Through popular events such as the annual Celebrando Gala and weekly Bilingual Toast Masters program, the Hispanic chamber has become one of the most vital—and festive—business-support organizations in the state. The chamber also reaches out to the next generation of Hispanic entrepreneurs.
With Hispanic kids representing more than 60 percent of the AISD student population, the chamber is currently developing what Miranda describes as “a shark tank for at-risk schools,” and a Hispanic Business Research Center is in the planning stages. Addressing the changing face of the Hispanic business models, Miranda is reaching out beyond the city limits, which is taking him full circle back to his old global negotiating skills.
“Through our economic-development activities, we’re engaging with Latin-American countries to develop business prospects here in the region,” he says. “You’ll be seeing more of that from Mexico, Argentina, Chile, Spain. The future of this region—and the Hispanic chamber—is both domestic and international.
“I was never as connected to the community as I am today. The reward for me is that I feel I have contributed. It’s gratifying to see so many programs come to life, to see new capabilities, new partnerships, new growth.”
The trip to Austin from San Antonio may be less than 100 miles, but for Austin Hispanic Chamber Board Chairman Thomas Miranda, it’s been the journey of a lifetime.
Building the Next Generation
- Board Chair/President, Austin Young Chamber of Commerce
- Open to Young Austin Professionals Ages 21 to 39
- Membership: Approximately 1,200
- Founded 2009
- Signature Programs and Events: FAVE Awards, AYC Imagine, AYC Annual Tailgate, CASA Superhero Run
At 5 years old, the Austin Young Chamber of Commerce is, appropriately, the youngest of the city’s chambers. With its frequent socializing events like Monthly Membership Mixers, it’s also one of the most active, a popular hub for networking, brainstorming and just plain schmoozing. And the busiest person in the room is usually AYC Board Chair and President Tommy Belton. Belton is a man in almost constant motion, which partly accounts for the three guitars leaning against the wall in his small downtown office.
“I just moved into a bigger apartment and don’t have cases for them,” he explains. “So I’m keeping them here for the time being.”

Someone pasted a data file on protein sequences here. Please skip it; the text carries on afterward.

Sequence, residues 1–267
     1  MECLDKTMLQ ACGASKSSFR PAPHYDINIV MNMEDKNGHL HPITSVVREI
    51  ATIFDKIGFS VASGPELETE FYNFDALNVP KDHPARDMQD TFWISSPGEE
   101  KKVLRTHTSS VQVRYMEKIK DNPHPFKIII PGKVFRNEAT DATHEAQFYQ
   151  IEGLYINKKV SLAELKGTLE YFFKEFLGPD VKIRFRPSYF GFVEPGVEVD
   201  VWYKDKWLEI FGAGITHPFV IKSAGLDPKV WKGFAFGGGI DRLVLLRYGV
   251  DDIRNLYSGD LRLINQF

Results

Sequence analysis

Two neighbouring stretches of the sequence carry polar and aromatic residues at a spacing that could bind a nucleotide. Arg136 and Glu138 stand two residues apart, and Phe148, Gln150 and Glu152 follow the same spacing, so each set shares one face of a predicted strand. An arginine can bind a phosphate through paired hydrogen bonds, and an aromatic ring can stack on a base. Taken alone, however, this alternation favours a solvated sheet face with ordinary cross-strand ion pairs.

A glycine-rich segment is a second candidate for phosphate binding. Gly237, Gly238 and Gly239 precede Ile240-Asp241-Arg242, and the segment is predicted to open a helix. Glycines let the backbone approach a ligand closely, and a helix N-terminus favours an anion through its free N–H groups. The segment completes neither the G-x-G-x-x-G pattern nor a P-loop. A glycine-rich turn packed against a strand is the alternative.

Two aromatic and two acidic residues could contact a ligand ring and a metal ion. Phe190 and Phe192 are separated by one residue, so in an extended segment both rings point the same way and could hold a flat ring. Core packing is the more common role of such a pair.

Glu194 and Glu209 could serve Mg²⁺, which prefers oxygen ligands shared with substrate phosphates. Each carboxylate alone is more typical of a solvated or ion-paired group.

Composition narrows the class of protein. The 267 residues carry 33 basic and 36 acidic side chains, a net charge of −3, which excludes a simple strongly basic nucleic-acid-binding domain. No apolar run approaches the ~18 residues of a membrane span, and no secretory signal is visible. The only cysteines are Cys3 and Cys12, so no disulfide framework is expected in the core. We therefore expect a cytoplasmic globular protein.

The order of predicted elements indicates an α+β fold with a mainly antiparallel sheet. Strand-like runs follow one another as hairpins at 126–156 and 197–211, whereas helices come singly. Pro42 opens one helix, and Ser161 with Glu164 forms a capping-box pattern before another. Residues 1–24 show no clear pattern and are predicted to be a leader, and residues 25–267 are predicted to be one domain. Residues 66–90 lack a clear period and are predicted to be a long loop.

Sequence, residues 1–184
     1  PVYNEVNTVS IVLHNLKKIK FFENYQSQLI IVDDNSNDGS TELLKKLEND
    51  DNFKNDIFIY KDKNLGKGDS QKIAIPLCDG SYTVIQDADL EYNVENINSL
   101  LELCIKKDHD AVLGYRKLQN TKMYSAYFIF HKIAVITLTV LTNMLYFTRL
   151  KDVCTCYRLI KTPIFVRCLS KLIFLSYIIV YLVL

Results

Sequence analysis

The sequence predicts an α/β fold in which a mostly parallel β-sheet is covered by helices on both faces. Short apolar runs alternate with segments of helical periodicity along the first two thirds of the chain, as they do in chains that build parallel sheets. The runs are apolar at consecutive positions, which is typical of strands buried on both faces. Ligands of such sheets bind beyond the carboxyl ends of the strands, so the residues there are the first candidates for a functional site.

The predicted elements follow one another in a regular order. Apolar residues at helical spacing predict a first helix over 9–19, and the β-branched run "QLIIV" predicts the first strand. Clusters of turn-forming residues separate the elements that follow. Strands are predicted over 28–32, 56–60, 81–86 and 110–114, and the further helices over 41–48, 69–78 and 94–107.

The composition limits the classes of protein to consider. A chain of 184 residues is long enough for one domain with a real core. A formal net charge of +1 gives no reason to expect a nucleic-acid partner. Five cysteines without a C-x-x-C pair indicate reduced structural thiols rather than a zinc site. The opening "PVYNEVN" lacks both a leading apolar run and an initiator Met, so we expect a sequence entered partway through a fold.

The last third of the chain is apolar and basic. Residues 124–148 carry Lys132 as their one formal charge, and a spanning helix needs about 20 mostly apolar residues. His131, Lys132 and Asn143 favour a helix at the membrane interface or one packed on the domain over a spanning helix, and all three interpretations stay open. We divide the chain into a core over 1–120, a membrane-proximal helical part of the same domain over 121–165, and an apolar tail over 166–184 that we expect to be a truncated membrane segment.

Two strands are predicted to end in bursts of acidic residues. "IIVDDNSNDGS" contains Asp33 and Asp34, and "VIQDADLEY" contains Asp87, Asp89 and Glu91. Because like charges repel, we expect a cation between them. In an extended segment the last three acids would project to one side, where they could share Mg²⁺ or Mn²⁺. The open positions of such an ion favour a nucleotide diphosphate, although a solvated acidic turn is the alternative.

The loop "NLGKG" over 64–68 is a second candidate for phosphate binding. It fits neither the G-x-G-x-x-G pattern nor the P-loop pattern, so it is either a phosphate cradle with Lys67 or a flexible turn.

A former musician himself, Belton doesn’t have much time for his old pastime these days. He’s too busy splitting his time between his duties with AYC and his job as lodging director at Hotels for Hope. On top of that, he and his longtime partner are expecting their first child in November. Boston-born but Austin-bred, Belton’s dad worked in the local hospitality industry, and Belton followed suit.
After attending Texas State, Belton worked as conference sales manager for three years at Hammock Beach Resort in Florida before returning home to Austin to serve as group sales manager at the Driskill Hotel. It was there he first became aware of the Austin Young Chamber through Hotels for Hope Founder Neil Goldman. An active board member in the AYC, Goldman asked Belton to step in and help create a program designed to recognize and promote young business professionals in Austin.
“He knew I had a lot of event planning background,” Belton recalls. Thus was born the FAVE Awards (Favorite Austin Ventures & Enterprises), an annual gala for young professionals that is one of the hottest tickets in town. “We recognize local businesses that cater to young professionals. We came up with a slew of categories, everything from Favorite Happy Hour Spot in Austin to Favorite Night Out to Favorite Investment in the Future. Members of the chamber could nominate their favorite businesses that fall into those various categories. We get it down to about five finalists, and then the members vote for their favorite and we present them with this award.”
After its inception, Belton ran the FAVE Awards for the next three years before becoming board chair and president last year.
“It’s a way to network and get involved in the Austin community through any of the various committees we have that do something for the community, and also to network with other young professionals in that area,” Belton says.
In addition to the FAVE Awards and Monthly Mixers, AYC’s numerous programs include community committees that help nonprofits, volunteer community service, mentoring at-risk kids and the Imagine Committee, which focuses on fostering music and the arts. The AYC is also a powerful resource for prospective employers, allowing them access to a deep pool of talent and skills.
“We’re also creating a lot of opportunities for businesses to have a really solid resource to look to if they’re looking to fill a position,” Belton adds. “If they post a job and they say, ‘I really want to reach out to the Austin Young Chamber,’ it’s a great group of people who are all very good at what they do, well qualified, well educated young professionals.”
Belton still makes time for his other job as lodging director at Hotels for Hope, overseeing housing management for such heavy hitters as Circuit of the Americas, the X Games and C3 Presents.
“The great thing about Hotels for Hope is that for every room-night we book, we ask the hotel to give a $1 charitable contribution, and then we match that dollar. We have 10 partner charities that we work with, all benefiting children in some way,” he says.
To date, Hotels for Hope has donated more than $300,000 to various charities. Between his myriad duties, plus his impending status as new dad, Belton has little time for his old hobbies.
“I still go out and see live music when I can,” he says, “when I have the time. I’m definitely a big blues fan—Stubbs, ACL Live. …” He glances wistfully at the forlorn guitar in the corner, tempted. Just as he’s about to reach for it, the phone rings and it’s back to the business of business.
Photos by Andrew Chan. Hair and makeup by Lauren Lumsden, Rae Cosmetics, 237 W. 2nd St., 512.320.8732.